As hospitalizations for COVID reach an 8-month high in New Jersey, there is evidence the majority of beds are occupied by the unvaccinated.

State Health officials do not post specific data about individuals that are hospitalized to their COVID dashboard, but Warren County officials are offering a glimpse.

The county says 45% of all patient's being admitted to the local hospital are now infected with coronavirus and three-quarters of them are unvaccinated. None of those admitted to St. Luke's Hospital had received a booster shot. Of the patients needing life supporting care, none were vaccinated.

Earlier this month, St. Luke's vice president of medical affairs, Dr. Jeffrey Jahre, told their admissions were being "driven by people who chose not to be vaccinated," and the current surge in admissions was "sadly avoidable."

Numbers are likely similar at other New Jersey Hospitals as we are seeing a continuing surge in new patients being admitted.

On Sunday, New Jersey reported 1,852 people were hospitalized with COVID, including 343 in critical care and 174 on ventilators. The numbers have doubled in a month and have not been this high since last April.

State health officials have predicted by mid-January, as many as 3,500 COVID infected patients could be hospitalized.

While it is true hundreds are being discharged each week after recovering, the pace of admissions continues to outpace the number of new admissions. It is not known if those who have recovered were vaccinated.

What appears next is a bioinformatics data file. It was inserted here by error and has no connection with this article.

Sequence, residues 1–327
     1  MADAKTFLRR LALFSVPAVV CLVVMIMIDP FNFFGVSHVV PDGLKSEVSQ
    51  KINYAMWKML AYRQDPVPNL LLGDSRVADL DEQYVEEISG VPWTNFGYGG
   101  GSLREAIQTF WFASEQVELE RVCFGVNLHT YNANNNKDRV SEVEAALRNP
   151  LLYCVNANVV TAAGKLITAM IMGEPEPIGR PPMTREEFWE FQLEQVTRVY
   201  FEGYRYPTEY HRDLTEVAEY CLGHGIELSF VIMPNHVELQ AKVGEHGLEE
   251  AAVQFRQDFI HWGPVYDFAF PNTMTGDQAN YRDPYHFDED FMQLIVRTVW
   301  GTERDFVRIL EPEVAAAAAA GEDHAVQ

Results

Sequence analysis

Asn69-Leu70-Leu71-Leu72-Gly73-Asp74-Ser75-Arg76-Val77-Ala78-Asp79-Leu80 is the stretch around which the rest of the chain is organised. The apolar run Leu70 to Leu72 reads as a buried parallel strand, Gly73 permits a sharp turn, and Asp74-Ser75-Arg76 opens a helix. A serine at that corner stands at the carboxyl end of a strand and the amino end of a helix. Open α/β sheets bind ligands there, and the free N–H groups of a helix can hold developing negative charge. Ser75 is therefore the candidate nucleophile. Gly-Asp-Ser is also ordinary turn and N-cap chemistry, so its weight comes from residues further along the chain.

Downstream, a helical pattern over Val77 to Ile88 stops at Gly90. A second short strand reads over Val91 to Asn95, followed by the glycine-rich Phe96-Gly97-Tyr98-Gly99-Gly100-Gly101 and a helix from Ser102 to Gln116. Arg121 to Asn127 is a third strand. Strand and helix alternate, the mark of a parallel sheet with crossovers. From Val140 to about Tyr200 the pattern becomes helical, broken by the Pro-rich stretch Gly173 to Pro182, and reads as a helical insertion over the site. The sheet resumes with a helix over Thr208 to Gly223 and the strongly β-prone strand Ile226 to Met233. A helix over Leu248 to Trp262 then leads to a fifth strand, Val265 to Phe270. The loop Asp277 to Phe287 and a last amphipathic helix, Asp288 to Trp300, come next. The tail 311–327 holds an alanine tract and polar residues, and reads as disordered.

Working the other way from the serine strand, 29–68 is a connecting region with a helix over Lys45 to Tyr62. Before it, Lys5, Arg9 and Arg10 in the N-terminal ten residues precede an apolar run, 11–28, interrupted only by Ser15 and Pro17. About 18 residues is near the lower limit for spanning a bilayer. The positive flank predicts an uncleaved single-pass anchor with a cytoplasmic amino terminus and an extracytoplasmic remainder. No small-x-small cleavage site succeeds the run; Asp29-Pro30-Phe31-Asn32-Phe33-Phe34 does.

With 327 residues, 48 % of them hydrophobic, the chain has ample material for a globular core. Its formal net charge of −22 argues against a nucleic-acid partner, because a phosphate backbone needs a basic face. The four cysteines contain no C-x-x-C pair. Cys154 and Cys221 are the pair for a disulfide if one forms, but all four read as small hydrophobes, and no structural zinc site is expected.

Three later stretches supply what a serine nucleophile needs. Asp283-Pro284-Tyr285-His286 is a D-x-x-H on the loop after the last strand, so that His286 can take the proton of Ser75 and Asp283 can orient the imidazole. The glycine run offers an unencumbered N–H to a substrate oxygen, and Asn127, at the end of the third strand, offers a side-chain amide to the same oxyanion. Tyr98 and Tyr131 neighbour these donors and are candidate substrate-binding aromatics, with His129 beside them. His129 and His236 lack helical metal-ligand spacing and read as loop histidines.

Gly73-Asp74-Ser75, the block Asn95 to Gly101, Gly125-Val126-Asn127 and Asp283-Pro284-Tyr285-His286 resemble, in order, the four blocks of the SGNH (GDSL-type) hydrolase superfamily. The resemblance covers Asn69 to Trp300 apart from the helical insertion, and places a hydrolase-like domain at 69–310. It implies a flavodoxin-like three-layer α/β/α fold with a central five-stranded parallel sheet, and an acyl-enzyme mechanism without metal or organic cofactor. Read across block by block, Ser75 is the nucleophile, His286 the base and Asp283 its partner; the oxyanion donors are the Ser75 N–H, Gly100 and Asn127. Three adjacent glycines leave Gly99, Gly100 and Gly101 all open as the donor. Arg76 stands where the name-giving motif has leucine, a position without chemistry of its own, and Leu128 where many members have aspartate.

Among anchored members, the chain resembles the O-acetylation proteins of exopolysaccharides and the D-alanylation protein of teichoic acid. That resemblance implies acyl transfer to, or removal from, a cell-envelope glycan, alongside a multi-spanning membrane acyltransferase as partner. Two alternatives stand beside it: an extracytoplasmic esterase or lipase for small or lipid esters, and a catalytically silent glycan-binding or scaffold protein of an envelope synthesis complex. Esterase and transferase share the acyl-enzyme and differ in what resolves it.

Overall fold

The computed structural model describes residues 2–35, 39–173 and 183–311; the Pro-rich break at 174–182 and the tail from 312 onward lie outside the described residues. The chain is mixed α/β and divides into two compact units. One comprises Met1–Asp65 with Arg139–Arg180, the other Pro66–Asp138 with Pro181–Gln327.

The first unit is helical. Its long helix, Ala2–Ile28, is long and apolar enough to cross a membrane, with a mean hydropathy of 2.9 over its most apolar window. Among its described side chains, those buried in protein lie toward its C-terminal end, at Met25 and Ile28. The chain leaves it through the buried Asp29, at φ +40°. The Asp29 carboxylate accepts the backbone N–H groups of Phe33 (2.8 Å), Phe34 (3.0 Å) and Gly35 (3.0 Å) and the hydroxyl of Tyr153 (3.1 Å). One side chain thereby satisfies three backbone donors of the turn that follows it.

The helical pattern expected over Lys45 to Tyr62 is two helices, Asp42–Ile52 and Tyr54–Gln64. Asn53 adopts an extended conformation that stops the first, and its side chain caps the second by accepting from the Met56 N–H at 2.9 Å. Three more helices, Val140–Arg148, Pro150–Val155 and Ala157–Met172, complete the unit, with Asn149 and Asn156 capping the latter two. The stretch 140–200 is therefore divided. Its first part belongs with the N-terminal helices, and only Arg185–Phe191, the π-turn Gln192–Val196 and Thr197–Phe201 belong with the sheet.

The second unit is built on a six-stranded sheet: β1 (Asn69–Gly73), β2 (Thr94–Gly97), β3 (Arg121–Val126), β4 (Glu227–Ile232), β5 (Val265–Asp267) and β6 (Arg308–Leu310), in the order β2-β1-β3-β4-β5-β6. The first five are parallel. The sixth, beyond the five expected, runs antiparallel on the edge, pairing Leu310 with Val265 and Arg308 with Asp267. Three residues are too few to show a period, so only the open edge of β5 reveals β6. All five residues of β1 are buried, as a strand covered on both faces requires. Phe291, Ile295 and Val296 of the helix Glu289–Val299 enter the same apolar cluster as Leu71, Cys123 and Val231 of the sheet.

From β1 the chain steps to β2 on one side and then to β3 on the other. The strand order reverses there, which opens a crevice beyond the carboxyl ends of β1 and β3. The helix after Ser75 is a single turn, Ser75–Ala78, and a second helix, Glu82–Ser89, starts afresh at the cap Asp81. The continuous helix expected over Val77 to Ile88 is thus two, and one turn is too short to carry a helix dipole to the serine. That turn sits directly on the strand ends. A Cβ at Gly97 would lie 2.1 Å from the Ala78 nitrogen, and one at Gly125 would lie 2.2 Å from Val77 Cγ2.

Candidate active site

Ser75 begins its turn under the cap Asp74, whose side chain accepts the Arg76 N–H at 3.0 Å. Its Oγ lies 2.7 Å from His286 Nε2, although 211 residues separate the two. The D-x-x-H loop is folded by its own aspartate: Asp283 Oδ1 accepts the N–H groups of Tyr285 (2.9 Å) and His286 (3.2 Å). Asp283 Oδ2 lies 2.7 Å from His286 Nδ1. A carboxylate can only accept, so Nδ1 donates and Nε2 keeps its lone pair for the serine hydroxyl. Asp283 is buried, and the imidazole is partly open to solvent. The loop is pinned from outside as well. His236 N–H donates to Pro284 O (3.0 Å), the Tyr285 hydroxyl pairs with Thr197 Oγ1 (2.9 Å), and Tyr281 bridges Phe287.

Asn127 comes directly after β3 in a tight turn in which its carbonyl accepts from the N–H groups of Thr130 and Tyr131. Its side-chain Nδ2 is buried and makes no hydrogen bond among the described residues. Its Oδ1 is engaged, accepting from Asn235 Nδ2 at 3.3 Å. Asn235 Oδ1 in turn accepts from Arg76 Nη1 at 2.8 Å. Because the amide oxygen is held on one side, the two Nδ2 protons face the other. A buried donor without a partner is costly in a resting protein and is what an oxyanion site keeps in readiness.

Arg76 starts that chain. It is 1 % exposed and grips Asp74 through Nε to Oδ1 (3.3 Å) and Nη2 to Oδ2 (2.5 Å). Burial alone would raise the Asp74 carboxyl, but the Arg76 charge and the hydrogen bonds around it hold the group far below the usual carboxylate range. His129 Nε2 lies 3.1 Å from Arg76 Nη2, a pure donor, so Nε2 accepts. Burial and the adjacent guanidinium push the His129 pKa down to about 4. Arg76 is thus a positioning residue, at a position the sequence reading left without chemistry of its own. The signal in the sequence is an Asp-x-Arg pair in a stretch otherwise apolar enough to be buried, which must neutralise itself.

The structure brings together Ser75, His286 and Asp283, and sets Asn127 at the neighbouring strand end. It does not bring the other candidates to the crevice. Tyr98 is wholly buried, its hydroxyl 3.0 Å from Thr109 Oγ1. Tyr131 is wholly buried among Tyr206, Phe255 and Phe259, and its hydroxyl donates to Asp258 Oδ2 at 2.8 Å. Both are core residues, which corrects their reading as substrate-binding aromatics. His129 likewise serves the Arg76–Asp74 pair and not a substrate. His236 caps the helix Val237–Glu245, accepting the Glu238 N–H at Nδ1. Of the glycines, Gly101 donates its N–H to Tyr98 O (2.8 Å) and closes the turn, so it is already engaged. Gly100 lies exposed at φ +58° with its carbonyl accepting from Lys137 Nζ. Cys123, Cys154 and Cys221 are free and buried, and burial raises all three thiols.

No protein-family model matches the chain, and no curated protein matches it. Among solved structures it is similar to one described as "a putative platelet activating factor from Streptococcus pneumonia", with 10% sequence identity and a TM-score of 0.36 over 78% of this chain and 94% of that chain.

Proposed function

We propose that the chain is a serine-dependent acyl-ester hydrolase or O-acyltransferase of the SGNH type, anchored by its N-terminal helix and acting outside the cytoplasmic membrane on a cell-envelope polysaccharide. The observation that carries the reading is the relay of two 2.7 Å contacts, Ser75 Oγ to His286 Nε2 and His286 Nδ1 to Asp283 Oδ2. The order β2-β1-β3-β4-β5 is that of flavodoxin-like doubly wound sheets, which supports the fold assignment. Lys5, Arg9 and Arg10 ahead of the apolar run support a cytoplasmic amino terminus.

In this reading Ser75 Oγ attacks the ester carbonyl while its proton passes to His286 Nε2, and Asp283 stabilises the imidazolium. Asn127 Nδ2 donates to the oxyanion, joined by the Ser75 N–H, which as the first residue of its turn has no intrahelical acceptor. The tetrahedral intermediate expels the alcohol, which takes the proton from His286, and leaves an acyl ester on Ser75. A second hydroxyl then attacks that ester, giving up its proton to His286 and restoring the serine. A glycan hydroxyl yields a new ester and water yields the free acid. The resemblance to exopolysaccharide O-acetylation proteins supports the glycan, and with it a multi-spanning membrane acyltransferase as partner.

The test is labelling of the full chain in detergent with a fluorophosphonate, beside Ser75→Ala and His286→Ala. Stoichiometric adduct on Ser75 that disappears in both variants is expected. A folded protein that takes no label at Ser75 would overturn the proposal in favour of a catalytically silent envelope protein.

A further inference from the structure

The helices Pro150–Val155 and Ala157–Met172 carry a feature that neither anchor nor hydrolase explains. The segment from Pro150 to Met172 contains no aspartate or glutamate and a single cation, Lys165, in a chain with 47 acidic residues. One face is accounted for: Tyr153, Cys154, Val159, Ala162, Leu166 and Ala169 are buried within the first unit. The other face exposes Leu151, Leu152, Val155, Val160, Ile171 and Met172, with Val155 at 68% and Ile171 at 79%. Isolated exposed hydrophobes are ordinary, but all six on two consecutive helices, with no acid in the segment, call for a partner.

The spike is hospitalizations continues to follow a sharp increase in new COVID cases. New Jersey's seven-day average for new positive tests has more than tripled in a month and is now at 5,076 per day and rising.

Despite the increases, Gov. Phil Murphy has not announced any new mandates or restrictions. Appearing on "Fox News Sunday," Murphy again promoted vaccinations and booster shots as the way to defeat the virus. When asked if he was considering another lockdown, Murphy said everything remains on the table, but "I don't see it."

Answers to 25 common COVID-19 vaccine questions

Vaccinations for COVID-19 began being administered in the U.S. on Dec. 14, 2020. The quick rollout came a little more than a year after the virus was first identified in November 2019. The impressive speed with which vaccines were developed has also left a lot of people with a lot of questions. The questions range from the practical—how will I get vaccinated?—to the scientific—how do these vaccines even work?

Keep reading to discover answers to 25 common COVID-19 vaccine questions.


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